The rules are definitely pitched at the  Napoleonic  period - there are skirmishers and Horse Artillery, and  infantry are expected to form square if attacked by cavalry. Wanting to play a Seven Years War period encounter,  I made some changes , the biggest being to abandon the use of square. So if cavalry attacked infantry in line and did not break them, then rather than 'flowing around' a square, I decided the horse would 'bounce back' to reform and perhaps try again - and they would suffer a penalty on their attack dice if charging frontally at all those disciplined volley-firing musketeers.    I simply did not use Horse Artillery or Skirmishers -  the latter are optional, anyway -  though I suppose I could have fielded some light infantry in open order. One query I had was that early on, it's specified that troops should be on 20mm x 20mm bases with 4 infantry per base, but in the section on skirmishers it's stated that they should deploy 'in a line of single figures, one to a square'.. hmmm.  I did like the relatively short musket range - from what I've read, effective musket range was actually frighteningly short. Arthur specifies musket range is  'one square between units' which is  a neat way of explaining it to a child or beginner.  And then artillery canister range is 3 times Musket Range, which I take to be '3 squares between units' (i.e. up to  4 squares, hope I got that right! ) . 

The main thing to master is the combat system, with dice results designated rather like 'Command and Colours' games - the attacking ( fire or close combat ) unit rolls a number of dice based on its quality, and then different dice scores inflict commander hits,  musketry/canister hits, artillery hits,  close combat hits or 'fallen flags' . The 'hits' from fire or close combat reduce the target's 'Combat Value' (CV) in effect its strength or fighting power,  but the 'Fallen Flags' have a separate impact, on the unit's  morale. This can have some interesting effects - the very first piece of firing in the game by the Austrian artillery inflicted two 'flags' on a Prussian cuirassier unit, which brought it to a halt, despite no loss of CV. That seemed entirely feasible - I assumed that  the unit's beloved commander may have stopped a cannon ball, in full view of his men!  The 'Fallen Flags' can be removed by a commander figure joing the unit and rolling a die to rally them,   whereas the CV hits are for ever, and  if the unit loses all its CV, or a number of flags equal to its troop quality, it must withdraw.   I thought this system gave quite interesting results, although it does require you to track two different factors ( CV and Fallen Flags ) for each unit, which some might find a bit fiddly.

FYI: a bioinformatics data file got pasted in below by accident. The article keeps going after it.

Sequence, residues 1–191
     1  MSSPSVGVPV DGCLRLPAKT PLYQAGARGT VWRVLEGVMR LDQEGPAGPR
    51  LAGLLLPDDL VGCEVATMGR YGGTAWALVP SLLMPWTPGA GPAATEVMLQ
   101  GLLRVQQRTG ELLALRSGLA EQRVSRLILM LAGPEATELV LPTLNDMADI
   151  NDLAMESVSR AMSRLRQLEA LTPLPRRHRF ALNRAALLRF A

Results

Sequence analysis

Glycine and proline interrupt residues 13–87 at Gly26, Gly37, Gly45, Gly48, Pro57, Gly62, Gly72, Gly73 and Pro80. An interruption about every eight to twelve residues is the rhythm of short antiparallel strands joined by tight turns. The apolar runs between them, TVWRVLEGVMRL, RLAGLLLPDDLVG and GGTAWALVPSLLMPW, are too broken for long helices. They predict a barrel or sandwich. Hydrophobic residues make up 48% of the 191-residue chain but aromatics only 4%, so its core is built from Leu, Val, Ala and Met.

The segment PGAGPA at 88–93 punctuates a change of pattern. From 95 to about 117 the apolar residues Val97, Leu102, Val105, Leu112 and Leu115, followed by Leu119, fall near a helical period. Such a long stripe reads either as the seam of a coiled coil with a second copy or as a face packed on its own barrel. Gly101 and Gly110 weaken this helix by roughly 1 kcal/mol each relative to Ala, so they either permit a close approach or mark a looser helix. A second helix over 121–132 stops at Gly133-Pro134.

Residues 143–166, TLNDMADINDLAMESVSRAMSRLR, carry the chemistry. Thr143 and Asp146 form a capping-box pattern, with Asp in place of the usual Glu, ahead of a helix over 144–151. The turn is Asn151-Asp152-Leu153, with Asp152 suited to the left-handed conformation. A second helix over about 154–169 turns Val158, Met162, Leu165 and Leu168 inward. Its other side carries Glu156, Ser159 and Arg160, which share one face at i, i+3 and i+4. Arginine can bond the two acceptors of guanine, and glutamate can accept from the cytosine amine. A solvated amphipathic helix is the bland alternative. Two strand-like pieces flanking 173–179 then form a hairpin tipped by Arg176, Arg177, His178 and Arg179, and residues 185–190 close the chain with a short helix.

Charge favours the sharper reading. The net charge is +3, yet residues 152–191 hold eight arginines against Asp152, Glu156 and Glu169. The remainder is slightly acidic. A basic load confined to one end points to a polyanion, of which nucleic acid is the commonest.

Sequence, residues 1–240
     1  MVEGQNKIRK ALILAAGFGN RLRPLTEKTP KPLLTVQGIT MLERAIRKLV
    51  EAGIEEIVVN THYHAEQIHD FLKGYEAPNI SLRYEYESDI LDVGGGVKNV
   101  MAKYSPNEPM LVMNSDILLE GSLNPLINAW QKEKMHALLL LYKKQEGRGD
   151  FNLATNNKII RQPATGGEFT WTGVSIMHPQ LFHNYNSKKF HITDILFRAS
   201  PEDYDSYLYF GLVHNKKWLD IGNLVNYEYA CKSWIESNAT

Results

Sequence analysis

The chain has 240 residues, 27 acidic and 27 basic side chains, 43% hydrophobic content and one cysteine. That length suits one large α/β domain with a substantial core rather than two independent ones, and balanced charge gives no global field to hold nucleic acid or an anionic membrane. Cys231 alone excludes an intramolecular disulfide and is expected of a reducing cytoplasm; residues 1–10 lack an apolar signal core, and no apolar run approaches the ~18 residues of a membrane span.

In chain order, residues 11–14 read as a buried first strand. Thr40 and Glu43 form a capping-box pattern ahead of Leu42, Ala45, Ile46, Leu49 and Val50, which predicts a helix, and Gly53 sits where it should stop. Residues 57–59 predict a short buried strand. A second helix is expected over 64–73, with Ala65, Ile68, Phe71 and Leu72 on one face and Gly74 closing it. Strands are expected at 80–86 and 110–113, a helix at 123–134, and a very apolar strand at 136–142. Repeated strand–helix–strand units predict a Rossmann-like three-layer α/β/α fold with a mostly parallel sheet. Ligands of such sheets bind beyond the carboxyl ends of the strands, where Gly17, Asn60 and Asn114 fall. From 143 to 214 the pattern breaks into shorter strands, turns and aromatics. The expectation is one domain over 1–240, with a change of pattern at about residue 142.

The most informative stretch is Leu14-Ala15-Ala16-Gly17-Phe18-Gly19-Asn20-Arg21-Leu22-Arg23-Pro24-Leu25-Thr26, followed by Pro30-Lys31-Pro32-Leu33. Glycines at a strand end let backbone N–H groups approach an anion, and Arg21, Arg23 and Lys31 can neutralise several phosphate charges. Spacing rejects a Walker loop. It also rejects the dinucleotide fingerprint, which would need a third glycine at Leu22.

The charging/close combat system I also liked, in that when a unit declares a charge, it rolls its 'attack dice' , and the number of flags and/or hits decides the outcome - with a very good attacking score, the defenders may simply break and run for it!  Or they may be shaken, and roll less dice in response, or be resolute, and roll as normal. That seemed quite a  smart approach, cleverly combining morale effect and casualties, and fun too.  I can well imagine a raw defending battalion, charged by a determined-looking  elite attacking unit, who might give a feebly ragged and inaccurate volley and then turn on their heels; or a steady, experienced defender waiting  'til you see the whites of their eyes, lads!', giving a terrifying  volley that mowed down and halted less motivated attackers!  Another nice touch was the cavalry vs. cavalry mechanism, specifying that if neither unit is halted or broken, they pass through each other, turn, and may charge again next turn.  That seems just right, if my memory of  Mr. Duffy's works is correct.